Living in a Portuguese Manor House

Living in a Portuguese Manor House
At the foot of the Serra do Estrela mountains in Portugal, the little village of Aldeia Nova do Cabo stretches along a hillside with views of the mountains and the setting sun. Both of these are visible as I look out my window from the 16th-century manor house of Casa do Cimo.

Although its charming owners speak no English, and my Portuguese is severely limited, we feel immediately welcome as we are invited into the grand entry hall. From above the massive stone stairway, someone’s ancestors look down at me from their portraits as the aristocratic Sra. Vasconcelos and I determine that we can communicate best in French (I studied it for one year in college before giving up, so communications would be very limited). She shows us the beautiful manor house that she and her husband have recently fitted with the modern conveniences expected by guests.

These include lovely tiled bathrooms with deep tubs and cushy towels, each embroidered with the house’s manorial crest and name. Inside the large closet are enough thick wooden hangers for my entire wardrobe.

The late afternoon sun pours in through the large casement windows, each surrounded in stone, and I realize that the walls are nearly two feet thick. Although the windows are surrounded in gray granite and heavy swept-back draperies, the huge windows and white walls make the room bright and airy, a feel we notice in the rest of the house as well. Rooms downstairs are large – the dining room where we eat breakfast is almost intimidating in its grandeur. In addition to the sitting area in our room, we are invited to use the one just outside our room, overlooking the central entrance hall.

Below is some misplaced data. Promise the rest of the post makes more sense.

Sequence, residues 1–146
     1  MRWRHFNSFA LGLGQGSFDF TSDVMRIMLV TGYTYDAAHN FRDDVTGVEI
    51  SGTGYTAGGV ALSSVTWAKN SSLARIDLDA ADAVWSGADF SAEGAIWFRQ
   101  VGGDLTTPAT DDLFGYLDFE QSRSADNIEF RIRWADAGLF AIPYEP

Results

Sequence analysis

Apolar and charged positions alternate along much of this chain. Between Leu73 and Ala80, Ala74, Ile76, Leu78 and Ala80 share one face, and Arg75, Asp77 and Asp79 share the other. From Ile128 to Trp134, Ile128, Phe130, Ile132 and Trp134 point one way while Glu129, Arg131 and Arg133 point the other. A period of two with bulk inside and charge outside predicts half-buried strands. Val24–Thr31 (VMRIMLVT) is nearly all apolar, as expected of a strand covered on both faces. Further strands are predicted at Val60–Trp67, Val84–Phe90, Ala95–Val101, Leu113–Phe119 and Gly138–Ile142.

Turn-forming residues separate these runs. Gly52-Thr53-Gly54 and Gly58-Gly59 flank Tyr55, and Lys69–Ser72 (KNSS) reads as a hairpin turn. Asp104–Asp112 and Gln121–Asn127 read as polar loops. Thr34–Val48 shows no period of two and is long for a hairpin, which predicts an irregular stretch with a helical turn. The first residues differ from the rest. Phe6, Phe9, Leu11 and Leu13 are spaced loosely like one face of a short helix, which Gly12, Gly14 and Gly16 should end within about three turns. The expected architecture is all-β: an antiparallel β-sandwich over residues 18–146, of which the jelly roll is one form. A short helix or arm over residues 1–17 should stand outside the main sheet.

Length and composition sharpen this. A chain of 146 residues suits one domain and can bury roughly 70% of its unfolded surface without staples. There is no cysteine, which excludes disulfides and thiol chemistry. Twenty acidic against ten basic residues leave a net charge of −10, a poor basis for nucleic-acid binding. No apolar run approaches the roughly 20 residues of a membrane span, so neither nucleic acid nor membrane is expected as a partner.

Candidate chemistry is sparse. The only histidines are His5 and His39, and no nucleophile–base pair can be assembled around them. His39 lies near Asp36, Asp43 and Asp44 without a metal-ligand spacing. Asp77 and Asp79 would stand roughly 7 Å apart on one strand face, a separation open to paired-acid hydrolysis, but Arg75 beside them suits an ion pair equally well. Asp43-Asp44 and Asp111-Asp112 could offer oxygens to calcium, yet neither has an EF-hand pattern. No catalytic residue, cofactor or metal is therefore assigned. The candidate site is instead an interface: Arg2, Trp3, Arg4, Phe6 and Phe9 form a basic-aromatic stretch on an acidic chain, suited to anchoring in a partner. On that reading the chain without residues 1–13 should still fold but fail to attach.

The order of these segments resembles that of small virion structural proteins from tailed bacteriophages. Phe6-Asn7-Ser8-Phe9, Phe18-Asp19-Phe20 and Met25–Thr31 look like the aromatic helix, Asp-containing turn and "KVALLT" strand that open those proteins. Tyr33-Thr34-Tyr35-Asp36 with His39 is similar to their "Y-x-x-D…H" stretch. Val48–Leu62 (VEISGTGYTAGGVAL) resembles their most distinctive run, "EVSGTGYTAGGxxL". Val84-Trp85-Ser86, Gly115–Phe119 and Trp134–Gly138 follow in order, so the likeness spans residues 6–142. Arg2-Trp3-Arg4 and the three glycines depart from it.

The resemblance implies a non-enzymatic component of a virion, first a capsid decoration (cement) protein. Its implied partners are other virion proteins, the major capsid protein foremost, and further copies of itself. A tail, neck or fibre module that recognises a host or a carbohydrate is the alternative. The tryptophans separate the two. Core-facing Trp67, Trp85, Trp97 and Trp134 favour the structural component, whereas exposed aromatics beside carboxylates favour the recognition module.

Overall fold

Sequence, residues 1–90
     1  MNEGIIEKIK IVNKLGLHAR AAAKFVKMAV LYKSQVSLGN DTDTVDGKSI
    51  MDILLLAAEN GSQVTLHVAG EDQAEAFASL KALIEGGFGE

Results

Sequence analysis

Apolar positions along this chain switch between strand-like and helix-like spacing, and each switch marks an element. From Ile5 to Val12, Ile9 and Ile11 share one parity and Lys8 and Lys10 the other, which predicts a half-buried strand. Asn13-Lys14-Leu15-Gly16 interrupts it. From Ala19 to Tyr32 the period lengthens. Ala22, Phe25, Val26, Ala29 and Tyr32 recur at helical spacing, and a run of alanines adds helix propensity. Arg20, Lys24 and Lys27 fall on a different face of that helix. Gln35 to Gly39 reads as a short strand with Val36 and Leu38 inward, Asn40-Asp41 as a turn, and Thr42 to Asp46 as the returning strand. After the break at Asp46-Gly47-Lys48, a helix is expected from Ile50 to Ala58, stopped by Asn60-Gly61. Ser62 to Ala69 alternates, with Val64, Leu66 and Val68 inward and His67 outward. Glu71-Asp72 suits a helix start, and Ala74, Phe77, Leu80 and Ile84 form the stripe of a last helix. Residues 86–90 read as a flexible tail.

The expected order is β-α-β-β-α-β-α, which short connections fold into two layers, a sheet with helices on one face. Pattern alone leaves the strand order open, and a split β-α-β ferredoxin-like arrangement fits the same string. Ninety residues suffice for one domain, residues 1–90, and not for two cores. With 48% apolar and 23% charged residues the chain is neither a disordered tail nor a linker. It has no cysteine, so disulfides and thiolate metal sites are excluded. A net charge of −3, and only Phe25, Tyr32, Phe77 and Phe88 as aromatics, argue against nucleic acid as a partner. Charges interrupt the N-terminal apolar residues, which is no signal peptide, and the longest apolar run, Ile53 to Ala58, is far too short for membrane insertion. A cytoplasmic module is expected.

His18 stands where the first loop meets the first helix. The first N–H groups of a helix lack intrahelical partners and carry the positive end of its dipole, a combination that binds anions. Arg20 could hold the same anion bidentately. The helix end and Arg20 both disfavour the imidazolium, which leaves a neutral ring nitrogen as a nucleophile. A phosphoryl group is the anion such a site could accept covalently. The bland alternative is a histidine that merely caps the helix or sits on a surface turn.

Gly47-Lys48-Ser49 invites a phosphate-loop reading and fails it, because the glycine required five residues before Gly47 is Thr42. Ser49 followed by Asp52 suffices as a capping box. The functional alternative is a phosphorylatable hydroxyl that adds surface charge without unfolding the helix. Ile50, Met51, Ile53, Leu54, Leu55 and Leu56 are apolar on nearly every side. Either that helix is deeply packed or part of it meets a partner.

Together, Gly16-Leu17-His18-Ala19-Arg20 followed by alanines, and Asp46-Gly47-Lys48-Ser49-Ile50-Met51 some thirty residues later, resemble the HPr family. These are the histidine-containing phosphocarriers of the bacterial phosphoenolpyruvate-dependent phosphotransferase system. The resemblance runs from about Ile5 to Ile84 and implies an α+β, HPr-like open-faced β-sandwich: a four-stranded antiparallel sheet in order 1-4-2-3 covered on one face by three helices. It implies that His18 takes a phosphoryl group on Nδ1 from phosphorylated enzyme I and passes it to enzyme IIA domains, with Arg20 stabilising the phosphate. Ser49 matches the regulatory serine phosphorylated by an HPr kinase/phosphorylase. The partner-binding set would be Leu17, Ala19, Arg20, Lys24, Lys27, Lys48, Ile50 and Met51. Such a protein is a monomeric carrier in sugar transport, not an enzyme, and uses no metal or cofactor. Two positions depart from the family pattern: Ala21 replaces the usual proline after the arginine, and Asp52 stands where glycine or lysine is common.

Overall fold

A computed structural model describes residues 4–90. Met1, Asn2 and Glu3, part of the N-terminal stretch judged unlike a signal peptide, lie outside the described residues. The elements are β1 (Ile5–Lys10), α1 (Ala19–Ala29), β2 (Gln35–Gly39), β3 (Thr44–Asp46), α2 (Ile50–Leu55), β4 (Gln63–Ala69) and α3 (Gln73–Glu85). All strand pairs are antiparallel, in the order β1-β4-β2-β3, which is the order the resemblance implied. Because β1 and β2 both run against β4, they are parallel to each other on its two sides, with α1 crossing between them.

The terrace offers an even grander view than the one from our room, stretching across the mountains and around to the steep hill that rises from the end of the garden. Below are olive trees, and a newly planted orchard of peach trees grows beside the stone terrace.

The manor house sits in the center of the village, which seems to begin where the previous village leaves off, and we backtrack to Aldeia de Joanes to see the Medieval stone church and to eat dinner at a cheery little restaurant we had passed on the way. It’s Saturday night and the restaurant is soon filled with groups of local people, who nod and wish us a good evening as they pass our table.

We order grilled robalo (sea bass) and a combination of shrimp and calamari en brochette. The former is perfectly cooked and the latter is dramatically served on a sword, suspended on a tall metal stand. Dinner is excellent, even though this modest little restaurant is the only act in town.

Aldeia Nova de Cabo is close to Fundao, and makes a good base for exploring the mountains we can see out our window. A spectacular day’s driving tour can include the trip over Torre, Portugal’s highest mountain, at about 6000 feet. The road twists and climbs to a point just under its summit, where snow lasts well into April or early May. The views from the top seem to go on forever, with layer after layer of mountains stretching to the horizon.

Solares de Portugal, the association of manor house and rural lodgings, can help plan an itinerary of privately owned lodgings such as Casa do Cimo. These are located all over the northern part of Portugal, with a few in other regions as well.

Related Articles
Editor's Picks Articles
Top Ten Articles
Previous Features
Site Map

Content copyright © 2023 by Barbara Radcliffe Rogers. All rights reserved.
This content was written by Barbara Radcliffe Rogers. If you wish to use this content in any manner, you need written permission. Contact Barbara Radcliffe Rogers for details.